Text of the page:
imately 8 oz of 86-proof whiskey or 1 liter of wine) or if ethanol provides less than 20% of calories. As the daily ethanol consumption increases to 90-160 g/day and the duration of drinking becomes longer, the risk of developing alcoholic liver disease increases. The probability of alcoholic hepatitis or cirrhosis is great if the daily ethanol consumption exceeds 160 g (for example, 1 pint of whiskey, the approximate daily metabolic capacity for an average nondrinking person) and if the drinking (either steady or in sprees) persists for 10-15 yr or longer. TREATMENT AND REVERSlBlLlTY

Management of alcoholic cardiomyopathy depends on the state of the disease when the addicted individual is first seen. Even in the absence of cardiac failure or enlargement, patients presenting with unexplained arrhythmias or absent septa1 Q waves should raise a high index of suspicion requiring verification of a negative history of alcoholism. The key to treatment at all stages involves complete abstinence. The alcoholic with cardiac abnormality may be approached effectively on an individual physi-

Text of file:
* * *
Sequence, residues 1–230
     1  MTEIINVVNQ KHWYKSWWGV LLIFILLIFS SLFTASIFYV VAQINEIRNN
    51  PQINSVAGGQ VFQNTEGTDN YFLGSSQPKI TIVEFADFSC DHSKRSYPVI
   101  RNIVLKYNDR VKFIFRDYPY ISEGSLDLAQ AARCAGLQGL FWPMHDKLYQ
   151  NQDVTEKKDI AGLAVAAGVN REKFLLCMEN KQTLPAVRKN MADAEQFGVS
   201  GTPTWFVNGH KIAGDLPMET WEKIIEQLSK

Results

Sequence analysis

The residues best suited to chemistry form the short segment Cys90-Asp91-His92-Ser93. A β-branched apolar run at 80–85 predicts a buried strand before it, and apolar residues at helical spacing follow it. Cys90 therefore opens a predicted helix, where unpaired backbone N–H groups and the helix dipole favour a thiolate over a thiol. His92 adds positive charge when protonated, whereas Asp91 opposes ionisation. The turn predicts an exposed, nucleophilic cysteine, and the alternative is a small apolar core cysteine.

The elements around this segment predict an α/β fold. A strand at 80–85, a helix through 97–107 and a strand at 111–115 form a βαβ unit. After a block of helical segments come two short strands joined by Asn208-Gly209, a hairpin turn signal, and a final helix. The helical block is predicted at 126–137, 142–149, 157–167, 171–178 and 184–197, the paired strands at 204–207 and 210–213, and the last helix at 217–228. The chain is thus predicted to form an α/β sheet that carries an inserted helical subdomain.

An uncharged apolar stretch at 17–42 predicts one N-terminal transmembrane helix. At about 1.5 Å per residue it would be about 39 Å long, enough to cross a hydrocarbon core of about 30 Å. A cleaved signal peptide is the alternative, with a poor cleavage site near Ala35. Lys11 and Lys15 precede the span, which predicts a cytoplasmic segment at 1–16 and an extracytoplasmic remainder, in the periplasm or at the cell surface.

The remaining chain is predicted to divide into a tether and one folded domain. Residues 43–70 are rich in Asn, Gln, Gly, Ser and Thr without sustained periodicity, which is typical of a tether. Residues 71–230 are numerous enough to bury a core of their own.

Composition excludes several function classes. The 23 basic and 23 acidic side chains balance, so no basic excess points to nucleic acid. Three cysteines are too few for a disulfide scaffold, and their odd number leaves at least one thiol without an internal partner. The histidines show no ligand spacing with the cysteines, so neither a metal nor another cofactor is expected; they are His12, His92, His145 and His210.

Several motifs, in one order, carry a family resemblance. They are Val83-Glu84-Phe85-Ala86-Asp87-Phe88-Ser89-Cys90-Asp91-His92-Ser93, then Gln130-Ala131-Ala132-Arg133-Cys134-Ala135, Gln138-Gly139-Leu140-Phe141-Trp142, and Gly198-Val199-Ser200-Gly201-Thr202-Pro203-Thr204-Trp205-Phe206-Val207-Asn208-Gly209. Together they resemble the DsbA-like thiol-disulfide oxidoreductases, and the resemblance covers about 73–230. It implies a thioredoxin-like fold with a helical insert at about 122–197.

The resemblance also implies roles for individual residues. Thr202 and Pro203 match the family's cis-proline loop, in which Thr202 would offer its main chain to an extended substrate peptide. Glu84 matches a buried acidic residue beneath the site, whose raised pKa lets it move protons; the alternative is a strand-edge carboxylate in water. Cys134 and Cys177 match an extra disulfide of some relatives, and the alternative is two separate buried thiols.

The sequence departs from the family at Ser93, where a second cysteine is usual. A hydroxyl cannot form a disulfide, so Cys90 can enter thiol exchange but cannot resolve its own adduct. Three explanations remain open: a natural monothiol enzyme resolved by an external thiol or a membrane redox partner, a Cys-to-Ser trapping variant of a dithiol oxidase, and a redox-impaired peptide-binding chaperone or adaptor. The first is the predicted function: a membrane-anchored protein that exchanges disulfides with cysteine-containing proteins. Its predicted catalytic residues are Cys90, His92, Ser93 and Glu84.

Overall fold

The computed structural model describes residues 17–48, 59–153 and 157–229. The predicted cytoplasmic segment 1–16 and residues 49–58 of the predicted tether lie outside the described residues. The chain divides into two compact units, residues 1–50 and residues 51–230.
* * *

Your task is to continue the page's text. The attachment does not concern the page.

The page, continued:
cian-patient relationship as well as in group therapy. In the only available study of its kind, almost one-third of patients followed on an outpatient basis were found to have apparently maintained abstinence over a 3-yr period.’) The majority of these had an improved or unchanged cardiac status. Deaths occurred preponderantly in those who did not abstain. Some uncertainties exist, since the relative cardiac status on admission to the study was not described. It is noteworthy that more than 20% of those who allegedly were abstinent deteriorated in cardiac status. Presumably, at certain stages of the disease, the pathogenetic mechanisms may continue unabated. After the onset of clinical manifestations, traditional antiarrhythmic agents, DC countershock, digitalis, and diuretics may be used as needed. Electrolyte abnormalities may exist either during the acute stage or can develop readily in patients with low salt intake or during diuresis. Since thromboembolism from endocardial thrombi is a prominent feature, occurring in as many as 80% of individuals in one series, anticoagulants are important when clinical evidence of heart disease is present.